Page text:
Spiritual Life

This prayer practice engages the heart and brings peace

In the early Church, the Desert Fathers and Mothers believed prayer and life to be one.

Abba Poemen, an early Desert Father said, “Teach your mouth to say what is in your heart.” Or, as Franciscan priest Father Richard Rohr paraphrases, “Bring your thinking down into your heart.”

I have been taught to meditate or to pray prayers like the Our Father, Hail Mary, Glory be to the Father or to read scripture or devotional books in prayer. When life throws me a curve, of course, there’s 911 prayers – frantic emergency “Mercy help me!” or “Jesus, Mary and Joseph!” prayers that I blurt out seemingly without thought.

Richard Rohr teaches a prayer practice that involves literally bringing the person or life situation down into our heart space. Be it a negative thought, a feeling of resentment, a fear, or a church or world travesty.

Can I prayerfully learn to engage my heart and hold the situation there in sacred silence?

After reading about this prayer practice, I recalled a day I was in a hit-and-run car accident. There was minimal damage done to my car and I was not physically injured, but I was totally shook up by it. I replayed the incident over and over in my mind, questioning why I happened to be in that place, in that moment in time, in order for it to have happened.

In the midst of my story-making, the idea to pray for the person who hit me intruded on my thoughts. I began to wonder what was going on in his or her life?

My heart engaged in prayer for the well-being of my assailant. Instantly, peace came to me and I was able to let go of the incident. I suppose that is what happens when we bring our thinking down into our hearts. We are changed in the process.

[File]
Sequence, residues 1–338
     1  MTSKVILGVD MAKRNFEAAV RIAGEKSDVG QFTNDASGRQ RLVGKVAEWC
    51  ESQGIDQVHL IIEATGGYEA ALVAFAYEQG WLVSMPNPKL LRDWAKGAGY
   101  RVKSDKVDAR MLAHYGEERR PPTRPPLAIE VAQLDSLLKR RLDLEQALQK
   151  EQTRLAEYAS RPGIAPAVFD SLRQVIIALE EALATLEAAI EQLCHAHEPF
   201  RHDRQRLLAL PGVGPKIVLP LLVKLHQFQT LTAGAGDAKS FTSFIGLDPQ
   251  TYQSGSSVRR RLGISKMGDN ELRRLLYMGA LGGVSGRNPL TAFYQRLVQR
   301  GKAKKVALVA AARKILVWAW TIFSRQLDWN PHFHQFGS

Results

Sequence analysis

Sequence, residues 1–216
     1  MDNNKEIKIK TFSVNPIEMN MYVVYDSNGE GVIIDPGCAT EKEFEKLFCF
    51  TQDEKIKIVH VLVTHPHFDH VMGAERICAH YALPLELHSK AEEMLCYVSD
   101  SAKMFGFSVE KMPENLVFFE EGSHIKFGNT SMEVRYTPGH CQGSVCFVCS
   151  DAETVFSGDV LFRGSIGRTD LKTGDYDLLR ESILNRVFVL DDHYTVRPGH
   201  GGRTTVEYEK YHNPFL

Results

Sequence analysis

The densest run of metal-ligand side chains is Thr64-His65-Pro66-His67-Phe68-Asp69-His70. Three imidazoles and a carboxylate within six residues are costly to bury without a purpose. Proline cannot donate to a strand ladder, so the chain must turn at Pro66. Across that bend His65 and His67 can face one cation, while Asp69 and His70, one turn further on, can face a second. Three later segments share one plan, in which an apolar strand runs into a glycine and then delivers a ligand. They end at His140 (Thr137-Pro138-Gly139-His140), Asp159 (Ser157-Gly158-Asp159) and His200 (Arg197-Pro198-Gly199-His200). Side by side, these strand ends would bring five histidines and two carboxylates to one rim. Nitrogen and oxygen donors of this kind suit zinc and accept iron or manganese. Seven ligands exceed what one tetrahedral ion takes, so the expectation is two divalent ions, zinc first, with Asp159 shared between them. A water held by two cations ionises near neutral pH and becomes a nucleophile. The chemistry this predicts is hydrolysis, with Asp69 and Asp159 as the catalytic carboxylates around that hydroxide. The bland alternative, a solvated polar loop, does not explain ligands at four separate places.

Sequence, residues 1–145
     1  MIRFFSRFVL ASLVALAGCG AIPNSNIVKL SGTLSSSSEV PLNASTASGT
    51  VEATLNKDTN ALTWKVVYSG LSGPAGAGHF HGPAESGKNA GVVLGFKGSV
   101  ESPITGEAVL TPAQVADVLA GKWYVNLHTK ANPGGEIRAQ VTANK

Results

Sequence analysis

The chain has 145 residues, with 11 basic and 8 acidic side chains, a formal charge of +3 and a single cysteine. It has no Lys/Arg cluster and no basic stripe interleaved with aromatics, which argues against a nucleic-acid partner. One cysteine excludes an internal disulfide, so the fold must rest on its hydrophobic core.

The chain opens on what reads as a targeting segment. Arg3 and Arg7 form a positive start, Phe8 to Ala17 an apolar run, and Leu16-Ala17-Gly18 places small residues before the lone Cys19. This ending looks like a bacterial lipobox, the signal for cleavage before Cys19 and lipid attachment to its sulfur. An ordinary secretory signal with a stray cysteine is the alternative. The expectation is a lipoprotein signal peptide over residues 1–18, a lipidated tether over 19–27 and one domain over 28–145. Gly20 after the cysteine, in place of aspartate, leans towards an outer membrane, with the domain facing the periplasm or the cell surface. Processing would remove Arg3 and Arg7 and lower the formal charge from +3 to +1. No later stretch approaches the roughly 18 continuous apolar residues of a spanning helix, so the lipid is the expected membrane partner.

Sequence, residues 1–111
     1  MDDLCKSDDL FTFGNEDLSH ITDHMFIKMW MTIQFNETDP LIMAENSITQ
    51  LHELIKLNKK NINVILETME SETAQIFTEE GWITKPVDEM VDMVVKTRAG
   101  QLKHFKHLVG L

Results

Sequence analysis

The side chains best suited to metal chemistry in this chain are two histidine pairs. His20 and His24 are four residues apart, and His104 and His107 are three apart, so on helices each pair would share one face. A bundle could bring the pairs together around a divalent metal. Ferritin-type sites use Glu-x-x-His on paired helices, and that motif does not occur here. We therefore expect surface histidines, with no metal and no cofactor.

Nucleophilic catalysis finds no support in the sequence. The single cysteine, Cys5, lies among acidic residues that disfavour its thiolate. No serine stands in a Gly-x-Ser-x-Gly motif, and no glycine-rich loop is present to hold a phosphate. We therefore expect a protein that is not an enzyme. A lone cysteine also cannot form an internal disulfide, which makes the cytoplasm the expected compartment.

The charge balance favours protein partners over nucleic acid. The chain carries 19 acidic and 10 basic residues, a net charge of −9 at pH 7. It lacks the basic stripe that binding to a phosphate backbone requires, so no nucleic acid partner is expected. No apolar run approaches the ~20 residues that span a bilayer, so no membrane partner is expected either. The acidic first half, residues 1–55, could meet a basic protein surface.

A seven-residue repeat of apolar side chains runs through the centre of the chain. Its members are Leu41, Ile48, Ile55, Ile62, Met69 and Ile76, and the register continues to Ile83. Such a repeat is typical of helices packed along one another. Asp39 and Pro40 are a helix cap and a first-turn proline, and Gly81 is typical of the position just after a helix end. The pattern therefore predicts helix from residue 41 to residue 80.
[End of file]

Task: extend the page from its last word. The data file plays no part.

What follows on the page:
Jesus prayed “… that all may be one, Father, just as you are in me and I am in you.” John 17:21

Perhaps in the spirit realm, our prayers enter the mystery of our oneness and spiritual life flows out to others in and through us, just like oxygen and nutrients are pumped out from our hearts to our body tissues.

Is this what needs to happen when we tell people “You are in my thoughts and prayers?” We are bringing thoughts of them down into our hearts where love dwells and the flow of grace gets activated.

The prayer practice suggests that the next time our mind struggles with negative thoughts that want to attach -- about our life or a person in our lives -- try engaging your heart. Then surround it with silence where there is no need to judge or create a story. Let the warmth of blood flow and work its wonders in and through us.

Cathy Rhoads is a chaplain and spiritual director who attends Christ the King Church in Richland. Questions and comments should be directed to editor Lucy Luginbill in care of the Tri-City Herald newsroom, 333 W. Canal Drive, Kennewick, WA 99336. Or email lluginbill@tricityherald.com.
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